No return to traditional stripes
1 July ~ "Five, four, three two, one..." the countdown ended with a small cheer as the electronic shutter went up and the people at the head of the queue filed into the Southampton FC outlet store in the city's West Quay shopping centre. Those in the carefully managed lines which eased up to the shopping centre doors would be among the first to own the coming season's kit.
Some may have been among the 58 per cent of people in a poll run on the independent supporter site SaintsWeb who ticked the "don't like it, won't buy it" box, or the almost seven per cent who went for "don't like it, but will buy it anyway". But as the cuddly canine club mascot Sammy Saint posed for photographs with smiling fans of all ages, it seemed impossible to believe that there had been any controversy at all around the launch.
That had begun earlier with an apparently leaked image which was circulated online just ahead of the official unveiling. Many fans were incredulous on seeing the plain red shirt, while others pointed to an off-kilter badge in the picture as evidence of some sort of wind-up. The stripes will be there tomorrow, they said. The official launch, however, only served to confirm that this will be the Saints' third kit out of the past four seasons, and the second in succession, not to feature the club's traditional red and white stripes.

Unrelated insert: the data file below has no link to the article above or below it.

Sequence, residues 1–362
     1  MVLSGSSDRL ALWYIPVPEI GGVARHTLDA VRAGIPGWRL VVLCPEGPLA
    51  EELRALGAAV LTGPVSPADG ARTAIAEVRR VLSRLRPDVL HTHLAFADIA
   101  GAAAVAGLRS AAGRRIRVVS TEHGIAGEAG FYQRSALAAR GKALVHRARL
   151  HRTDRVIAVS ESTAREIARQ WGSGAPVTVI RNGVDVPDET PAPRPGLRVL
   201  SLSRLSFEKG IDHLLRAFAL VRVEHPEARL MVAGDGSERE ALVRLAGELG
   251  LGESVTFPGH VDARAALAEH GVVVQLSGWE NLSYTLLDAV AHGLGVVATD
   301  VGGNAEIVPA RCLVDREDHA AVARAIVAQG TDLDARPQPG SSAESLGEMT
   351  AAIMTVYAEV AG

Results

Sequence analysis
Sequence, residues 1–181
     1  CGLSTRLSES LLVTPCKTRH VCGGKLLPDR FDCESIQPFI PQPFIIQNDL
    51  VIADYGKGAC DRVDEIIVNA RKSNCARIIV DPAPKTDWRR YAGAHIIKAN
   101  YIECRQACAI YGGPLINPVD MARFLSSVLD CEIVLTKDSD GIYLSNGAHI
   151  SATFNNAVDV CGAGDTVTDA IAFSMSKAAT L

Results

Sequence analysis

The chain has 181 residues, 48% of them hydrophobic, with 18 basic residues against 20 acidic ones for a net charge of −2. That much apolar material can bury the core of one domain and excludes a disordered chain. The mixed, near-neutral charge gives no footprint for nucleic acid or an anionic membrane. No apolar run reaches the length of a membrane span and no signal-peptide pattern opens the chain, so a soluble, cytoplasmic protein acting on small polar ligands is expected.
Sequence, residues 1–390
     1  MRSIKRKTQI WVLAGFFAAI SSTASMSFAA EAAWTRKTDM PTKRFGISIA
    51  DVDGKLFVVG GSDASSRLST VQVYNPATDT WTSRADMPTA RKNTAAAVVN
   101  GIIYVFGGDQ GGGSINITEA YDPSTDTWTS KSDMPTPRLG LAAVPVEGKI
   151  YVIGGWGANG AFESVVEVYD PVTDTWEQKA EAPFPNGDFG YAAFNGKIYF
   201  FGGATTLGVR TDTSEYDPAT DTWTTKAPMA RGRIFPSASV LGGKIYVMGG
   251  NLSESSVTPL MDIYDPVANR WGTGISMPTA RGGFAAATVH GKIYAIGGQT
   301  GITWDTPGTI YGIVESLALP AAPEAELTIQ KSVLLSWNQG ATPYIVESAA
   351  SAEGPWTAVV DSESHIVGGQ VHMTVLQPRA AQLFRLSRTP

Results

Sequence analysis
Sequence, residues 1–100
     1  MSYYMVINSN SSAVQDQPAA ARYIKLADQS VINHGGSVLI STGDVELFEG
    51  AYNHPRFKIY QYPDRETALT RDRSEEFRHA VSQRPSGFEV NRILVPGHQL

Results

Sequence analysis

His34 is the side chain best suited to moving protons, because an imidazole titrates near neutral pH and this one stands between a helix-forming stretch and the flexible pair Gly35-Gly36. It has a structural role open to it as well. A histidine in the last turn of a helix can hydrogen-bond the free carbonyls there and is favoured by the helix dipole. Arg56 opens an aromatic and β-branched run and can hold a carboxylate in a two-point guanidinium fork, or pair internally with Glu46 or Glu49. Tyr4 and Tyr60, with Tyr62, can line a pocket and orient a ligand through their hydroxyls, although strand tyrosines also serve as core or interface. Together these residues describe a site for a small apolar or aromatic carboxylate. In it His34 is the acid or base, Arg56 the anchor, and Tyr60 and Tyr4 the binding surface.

Even before the official unveiling, calls had gone up across social media for a "save our stripes" campaign and a boycott of the new shirt. For the traditionalists, the issue at stake is not just a lack of respect for Southampton's heritage – the Saints having played in red and white stripes since 1896 – but fears that ditching the stripes presents a threat to the club's identity.
Others point to the club's relative success recently, or argue that it's the club badge that matters. Those with longer memories bring up the 1980s, when the traditional stripes were mostly absent. One of the kits of that era, an "'inverted Ajax" design worn when the team finished second in the old Division One in 1982-83, is even regarded as something of a classic – popular enough for a reproduction version to be on sale in the club shop many years later.
An hour after the shirts went on sale and Sammy Saint is still entertaining a long queue. It seems that for all the online hyperbole quite a few fans actually like the new kit, at least enough to pay £50 for a replica shirt. And it does have white stripes – the unmistakable corporate logo of kit manufacturers Adidas. Neil Cotton